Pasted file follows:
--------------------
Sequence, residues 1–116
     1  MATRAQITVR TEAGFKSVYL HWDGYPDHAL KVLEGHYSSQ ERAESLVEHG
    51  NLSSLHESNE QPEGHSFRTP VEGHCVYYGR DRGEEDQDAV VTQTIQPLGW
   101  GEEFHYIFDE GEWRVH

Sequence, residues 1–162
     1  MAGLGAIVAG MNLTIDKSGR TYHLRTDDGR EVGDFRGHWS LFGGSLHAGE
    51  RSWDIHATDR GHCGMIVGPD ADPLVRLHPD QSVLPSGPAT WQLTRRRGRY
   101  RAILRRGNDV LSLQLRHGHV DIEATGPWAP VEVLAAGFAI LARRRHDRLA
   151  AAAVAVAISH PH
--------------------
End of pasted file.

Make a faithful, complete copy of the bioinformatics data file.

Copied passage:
Sequence, residues 1–116
     1  MATRAQITVR TEAGFKSVYL HWDGYPDHAL KVLEGHYSSQ ERAESLVEHG
    51  NLSSLHESNE QPEGHSFRTP VEGHCVYYGR DRGEEDQDAV VTQTIQPLGW
   101  GEEFHYIFDE GEWRVH

Sequence, residues 1–162
     1  MAGLGAIVAG MNLTIDKSGR TYHLRTDDGR EVGDFRGHWS LFGGSLHAGE
    51  RSWDIHATDR GHCGMIVGPD ADPLVRLHPD QSVLPSGPAT WQLTRRRGRY
   101  RAILRRGNDV LSLQLRHGHV DIEATGPWAP VEVLAAGFAI LARRRHDRLA
   151  AAAVAVAISH PH